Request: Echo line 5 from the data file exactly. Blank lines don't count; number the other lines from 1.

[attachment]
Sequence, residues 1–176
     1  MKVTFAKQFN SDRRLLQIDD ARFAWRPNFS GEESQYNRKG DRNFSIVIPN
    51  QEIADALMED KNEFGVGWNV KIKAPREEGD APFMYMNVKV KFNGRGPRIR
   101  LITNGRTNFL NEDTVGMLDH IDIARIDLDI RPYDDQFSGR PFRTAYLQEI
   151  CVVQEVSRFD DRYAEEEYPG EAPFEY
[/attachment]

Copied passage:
   151  CVVQEVSRFD DRYAEEEYPG EAPFEY